Cooking is a relaxing and fulfilling pastime when you have the right equipment. There’s something oh-so-satisfying about your knife gliding through an onion like butter or flying across a pile of chives with precise slices. However, when you’re putting more work into slicing food than your knife, it’s less satisfying and more frustrating.
If you’ve ever known the pain of sawing at a potato or demolishing a tomato because your knife can’t break the skin, you know what we mean. While the thought of sharpening your knives may seem a little frightening, it’s not so bad. We can walk you through the steps and teach you how to properly sharpen a kitchen knife.
Tools for Sharpening
The first step in learning how to properly sharpen a kitchen knife is to determine the method you want to use. If you don’t already have a sharpening tool at your disposal, let’s look at the options to see which works best for you.
Manual knife sharpeners give you more power over the process because you can stop as soon as you’re satisfied, and there’s little risk of ruining the blade. They tend to be cheaper, smaller, and easier to store than some of the alternatives. If you’re low on space or want to travel with your sharpener, you may want to go with a manual.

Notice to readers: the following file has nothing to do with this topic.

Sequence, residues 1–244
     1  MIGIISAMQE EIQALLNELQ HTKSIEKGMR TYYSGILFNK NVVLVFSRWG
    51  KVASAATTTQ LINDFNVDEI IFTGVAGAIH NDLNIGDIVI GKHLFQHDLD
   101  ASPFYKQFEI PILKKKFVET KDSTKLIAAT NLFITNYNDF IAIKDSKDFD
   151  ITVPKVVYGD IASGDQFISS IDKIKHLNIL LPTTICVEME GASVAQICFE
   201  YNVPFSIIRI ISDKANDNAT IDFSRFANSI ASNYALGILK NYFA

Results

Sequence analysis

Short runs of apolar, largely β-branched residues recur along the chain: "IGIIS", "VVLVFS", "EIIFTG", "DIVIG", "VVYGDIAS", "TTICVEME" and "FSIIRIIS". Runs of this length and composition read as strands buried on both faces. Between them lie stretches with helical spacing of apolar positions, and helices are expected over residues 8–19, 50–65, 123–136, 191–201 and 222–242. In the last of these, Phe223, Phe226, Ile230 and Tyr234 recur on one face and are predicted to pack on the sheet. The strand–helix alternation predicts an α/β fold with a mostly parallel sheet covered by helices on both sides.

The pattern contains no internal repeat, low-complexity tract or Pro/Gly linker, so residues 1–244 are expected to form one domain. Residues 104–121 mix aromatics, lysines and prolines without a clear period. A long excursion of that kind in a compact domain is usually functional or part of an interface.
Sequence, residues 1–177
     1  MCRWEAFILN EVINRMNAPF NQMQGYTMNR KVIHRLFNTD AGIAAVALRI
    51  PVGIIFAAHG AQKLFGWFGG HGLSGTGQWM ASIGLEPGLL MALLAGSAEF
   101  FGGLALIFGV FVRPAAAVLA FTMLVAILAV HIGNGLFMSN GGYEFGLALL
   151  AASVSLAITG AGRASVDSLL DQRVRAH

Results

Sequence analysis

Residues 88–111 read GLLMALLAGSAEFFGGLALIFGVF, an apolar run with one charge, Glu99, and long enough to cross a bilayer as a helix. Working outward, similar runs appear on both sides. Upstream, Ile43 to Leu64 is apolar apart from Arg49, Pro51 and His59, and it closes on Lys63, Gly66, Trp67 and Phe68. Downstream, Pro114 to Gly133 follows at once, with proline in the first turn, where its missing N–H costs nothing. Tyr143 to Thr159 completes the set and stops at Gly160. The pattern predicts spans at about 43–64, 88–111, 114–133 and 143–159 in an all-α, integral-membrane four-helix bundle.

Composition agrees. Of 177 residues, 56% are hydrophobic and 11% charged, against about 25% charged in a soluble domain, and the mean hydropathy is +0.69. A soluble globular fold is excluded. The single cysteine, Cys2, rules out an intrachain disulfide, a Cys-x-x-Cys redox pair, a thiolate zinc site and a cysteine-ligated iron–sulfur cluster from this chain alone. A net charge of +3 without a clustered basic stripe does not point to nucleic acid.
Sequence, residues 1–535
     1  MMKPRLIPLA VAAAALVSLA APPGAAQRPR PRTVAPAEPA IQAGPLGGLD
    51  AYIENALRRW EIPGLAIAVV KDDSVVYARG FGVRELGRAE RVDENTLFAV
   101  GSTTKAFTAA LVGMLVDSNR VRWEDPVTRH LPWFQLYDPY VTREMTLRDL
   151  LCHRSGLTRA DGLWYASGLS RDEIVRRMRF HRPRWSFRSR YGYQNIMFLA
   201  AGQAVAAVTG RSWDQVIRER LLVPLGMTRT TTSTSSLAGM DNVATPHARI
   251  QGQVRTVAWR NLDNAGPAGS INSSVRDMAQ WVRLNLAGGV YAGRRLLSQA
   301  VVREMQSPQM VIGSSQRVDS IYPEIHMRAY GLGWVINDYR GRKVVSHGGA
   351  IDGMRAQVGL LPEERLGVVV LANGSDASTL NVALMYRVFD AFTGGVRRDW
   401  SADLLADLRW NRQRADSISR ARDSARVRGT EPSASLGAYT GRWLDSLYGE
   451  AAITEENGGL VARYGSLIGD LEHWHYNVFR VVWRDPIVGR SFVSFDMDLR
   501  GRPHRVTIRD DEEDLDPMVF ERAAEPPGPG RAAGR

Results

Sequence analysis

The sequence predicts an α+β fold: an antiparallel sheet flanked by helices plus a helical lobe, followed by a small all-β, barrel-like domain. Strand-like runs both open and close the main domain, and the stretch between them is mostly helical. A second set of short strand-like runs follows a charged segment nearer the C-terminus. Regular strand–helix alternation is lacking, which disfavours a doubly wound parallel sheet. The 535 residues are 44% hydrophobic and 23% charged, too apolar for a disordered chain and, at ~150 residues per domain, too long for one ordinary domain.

Electric sharpeners take almost no effort on your part, so the process is quick and easy. Most models are easy to use and come loaded with extra functions and safety features. That said, you don’t have much control over the process and may end up with a ruined blade if the machine sharpens too aggressively.
Sharpening steel, also known as a honing rod or honing steel, doesn’t actually sharpen the knife. Instead, the honing rod works the edges of the knife until it is smooth and closer to the original condition. However, if you know how to sharpen kitchen knives with sharpening steel, it’s a low-profile, efficient system.